The wool industry completes world’s first textile fibre cradle-to-grave Lifecycle Assessment (LCA) study taken to a peer-reviewed publication. The study found that how often clothes are worn is the most influential factor in determining environmental impacts from clothing.
The LCA of a wool garment
To date, there have been limited life cycle assessment (LCA) studies on the environmental impacts of the full supply chain including the use phase of garments, with the majority of LCA studies focusing on a segment of the supply chain. This study aimed to address this knowledge gap via a cradle-to-grave LCA of a woollen garment.
What the study found was that the number of times a garment is worn is the most influential factor in determining garment impacts. This indicates consumers who are aware of wool’s attributes have the largest power to influence the sustainability of their wool garments by maximising the active garment lifespan and therefore reducing overall impacts.
Why garment lifespan is important
The study estimated the total number of to be 109. However, if the garment was disposed of after only one season, or 15 uses, this would result in a 5.8- to 6.8-fold increase in environmental impacts and resource use.
Increasing the total number of wears to 400 reduced environmental impacts by 49 to 68%, indicating substantial improvements are possible if a garment’s lifetime is extended.
What do textile lifecycle assessment tools do?
Lifecycle assessment tools measure the impact of textile on the environment over all life stages, from raw material production through processing, manufacture, distribution, use, recycling and ultimately disposal.
LCA is a young science that is still evolving and environmental ratings agencies such as the Sustainable Apparel Coalition (SAC) do not yet account for all life stages in their environmental rating index, known as the HIGG material sustainability index (MSI).
“Several significant environmental impacts and processes are excluded from the MSI including the use phase, recyclability, biodegradability, renewability of resource used, microfibres, abiotic resource depletion (minerals) and abiotic bioaccumulation,” said Dr Steve Wiedemann of Integrity AG & Environment."
Until addressed, these omissions limit the scientific robustness of the MSI and could lead to less sustainable fibre choices, which may compromise the SAC’s goal of promoting a sustainable apparel industry.
Why we can’t afford to get this wrong
Research conducted by environmental specialists Dr Steve Wiedemann and Dr Kalinda Watson of Integrity AG & Environment involved a comprehensive analysis of the Sustainable Apparel Coalition’s Material Sustainability Index (MSI) which reveals a number of shortcomings in the tool.
The MSI is increasingly being adopted by industry but this LCA tool only currently accounts for the front-end of the supply chain, up to the retail outlet. Without including key environmental impact stages such as the use phase and garment end-of-life in the MSI, comparisons between fibre types are not meaningful. If not addressed, these inconsistencies could guide well-intentioned consumers towards less sustainable fibre choices.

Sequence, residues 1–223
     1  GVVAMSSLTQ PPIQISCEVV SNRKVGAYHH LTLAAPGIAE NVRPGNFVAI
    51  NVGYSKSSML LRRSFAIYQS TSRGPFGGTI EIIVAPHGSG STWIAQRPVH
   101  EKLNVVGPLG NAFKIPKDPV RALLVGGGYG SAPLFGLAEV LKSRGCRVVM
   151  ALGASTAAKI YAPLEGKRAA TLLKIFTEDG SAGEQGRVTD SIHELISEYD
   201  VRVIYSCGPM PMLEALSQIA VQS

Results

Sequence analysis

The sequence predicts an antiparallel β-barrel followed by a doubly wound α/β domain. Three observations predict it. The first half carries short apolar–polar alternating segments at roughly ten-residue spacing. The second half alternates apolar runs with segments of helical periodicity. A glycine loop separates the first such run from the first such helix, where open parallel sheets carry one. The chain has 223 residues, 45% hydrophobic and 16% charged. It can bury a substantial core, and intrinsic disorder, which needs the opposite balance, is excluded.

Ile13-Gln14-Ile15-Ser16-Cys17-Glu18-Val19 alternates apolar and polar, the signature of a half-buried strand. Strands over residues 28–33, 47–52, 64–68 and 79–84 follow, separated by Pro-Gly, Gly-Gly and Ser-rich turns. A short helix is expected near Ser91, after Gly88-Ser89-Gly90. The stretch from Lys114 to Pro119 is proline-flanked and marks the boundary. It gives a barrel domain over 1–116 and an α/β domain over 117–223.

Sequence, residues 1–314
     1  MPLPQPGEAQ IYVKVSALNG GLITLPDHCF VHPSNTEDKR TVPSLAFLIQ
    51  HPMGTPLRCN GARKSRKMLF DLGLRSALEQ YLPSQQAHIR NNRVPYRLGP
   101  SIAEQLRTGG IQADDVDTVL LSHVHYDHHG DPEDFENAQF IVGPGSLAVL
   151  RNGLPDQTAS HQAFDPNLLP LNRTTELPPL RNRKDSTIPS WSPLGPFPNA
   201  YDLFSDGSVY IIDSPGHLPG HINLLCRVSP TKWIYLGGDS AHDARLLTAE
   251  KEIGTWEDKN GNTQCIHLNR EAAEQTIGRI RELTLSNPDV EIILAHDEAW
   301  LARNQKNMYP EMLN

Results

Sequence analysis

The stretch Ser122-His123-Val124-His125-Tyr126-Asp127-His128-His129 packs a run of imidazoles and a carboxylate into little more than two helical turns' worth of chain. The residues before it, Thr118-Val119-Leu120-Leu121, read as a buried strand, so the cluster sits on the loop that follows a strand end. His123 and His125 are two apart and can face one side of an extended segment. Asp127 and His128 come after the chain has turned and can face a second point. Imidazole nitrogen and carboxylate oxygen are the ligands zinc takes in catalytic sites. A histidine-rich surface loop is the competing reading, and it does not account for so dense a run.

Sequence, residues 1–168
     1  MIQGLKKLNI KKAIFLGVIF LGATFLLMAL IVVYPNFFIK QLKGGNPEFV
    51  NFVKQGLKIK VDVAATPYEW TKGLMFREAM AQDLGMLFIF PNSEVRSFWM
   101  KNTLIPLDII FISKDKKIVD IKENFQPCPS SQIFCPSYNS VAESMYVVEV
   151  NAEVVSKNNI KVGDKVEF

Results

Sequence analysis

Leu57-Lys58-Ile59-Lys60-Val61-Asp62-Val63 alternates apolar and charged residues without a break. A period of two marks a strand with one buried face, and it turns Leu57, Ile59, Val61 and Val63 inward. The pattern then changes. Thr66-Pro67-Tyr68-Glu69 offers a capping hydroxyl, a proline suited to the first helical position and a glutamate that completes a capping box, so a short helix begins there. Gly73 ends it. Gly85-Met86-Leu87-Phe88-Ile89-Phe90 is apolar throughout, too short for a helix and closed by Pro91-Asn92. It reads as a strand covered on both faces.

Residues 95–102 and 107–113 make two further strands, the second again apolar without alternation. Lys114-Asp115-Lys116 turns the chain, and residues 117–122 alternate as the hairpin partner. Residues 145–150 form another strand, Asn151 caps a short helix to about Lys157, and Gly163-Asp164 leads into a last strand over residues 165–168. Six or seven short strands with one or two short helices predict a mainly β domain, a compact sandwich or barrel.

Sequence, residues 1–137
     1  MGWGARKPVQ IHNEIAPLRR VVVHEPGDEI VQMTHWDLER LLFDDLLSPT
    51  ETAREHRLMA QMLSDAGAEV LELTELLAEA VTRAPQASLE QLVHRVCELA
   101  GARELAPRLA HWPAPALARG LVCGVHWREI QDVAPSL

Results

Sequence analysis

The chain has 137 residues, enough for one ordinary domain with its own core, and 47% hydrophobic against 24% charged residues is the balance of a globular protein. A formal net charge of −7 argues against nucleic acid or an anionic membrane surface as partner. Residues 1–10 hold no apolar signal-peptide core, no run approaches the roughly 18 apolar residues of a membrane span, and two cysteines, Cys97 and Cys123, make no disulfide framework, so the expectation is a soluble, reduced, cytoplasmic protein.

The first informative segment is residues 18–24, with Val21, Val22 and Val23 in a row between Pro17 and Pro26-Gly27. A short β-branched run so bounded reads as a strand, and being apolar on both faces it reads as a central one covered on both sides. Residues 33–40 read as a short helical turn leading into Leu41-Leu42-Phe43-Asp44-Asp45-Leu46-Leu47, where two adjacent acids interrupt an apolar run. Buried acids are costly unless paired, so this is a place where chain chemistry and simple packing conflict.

“We need robust, accurate and reliable methods to generate meaningful ratings that can be trusted by all parts of the supply chain, including consumers.”
This is what the research found
- The MSI does not include a full lifecycle of products. Without including key environmental impact stages such as the use phase and garment end-of-life in the MSI, comparisons between fibre types are not meaningful.
- The MSI neglects measurement of important impacts such as microplastic pollution. The detrimental impacts of microplastic pollution are being uncovered at an alarming rate and this surely must be considered in the MSI which can be done through an accounting system.
- The quality of the underlying data is poor and in many instances not scientifically peer-reviewed or representative of the industry as a whole.
- The MSI lacks transparency in its use of proxy data and methodology. Weighting scores are given to environmental impacts such as energy, water and greenhouse gas that have not been tested by the scientific peer-reviewed process.
- The MSI does not yet consider all aspects of the environmental impact of the products tested such as renewability, recycling, biodegradability, land management, carbon cycling and biodiversity.
If the MSI is to be a comprehensive environmental measurement tool these aspects must be included.
You can read the full report here:
Wool does not contribute to microplastic pollution
As much as 35 per cent of microplastics in the marine environment are fibres from synthetic clothing, an amount that continues to increase. But by contrast, science has shown that wool readily biodegrades in both land and marine environments, offering a less impactful solution and not contributing to microplastic pollution.
The EU is taking the lead on LCA methodologies and its Product Environmental Footprint (PEF) program considers potential environmental impacts across a range of products, including Apparel and Footwear.
The Woolmark Company has been, and continues to be, an active contributor to the environmental assessment processes undertaken by organisations such as the Sustainable Apparel Coalition. The wool industry funds much-needed research to help develop a robust and scientifically defendable methodology for environmental assessment of the textile industry.
The wool industry has a seat at the table at key technical forums in the EU to drive responsible change in the fashion industry so the environmental footprint of garments can be correctly assessed. Such assessments are vital for identifying the environmental hotspots where our efforts need to be focused to further reduce the footprint of wool clothing.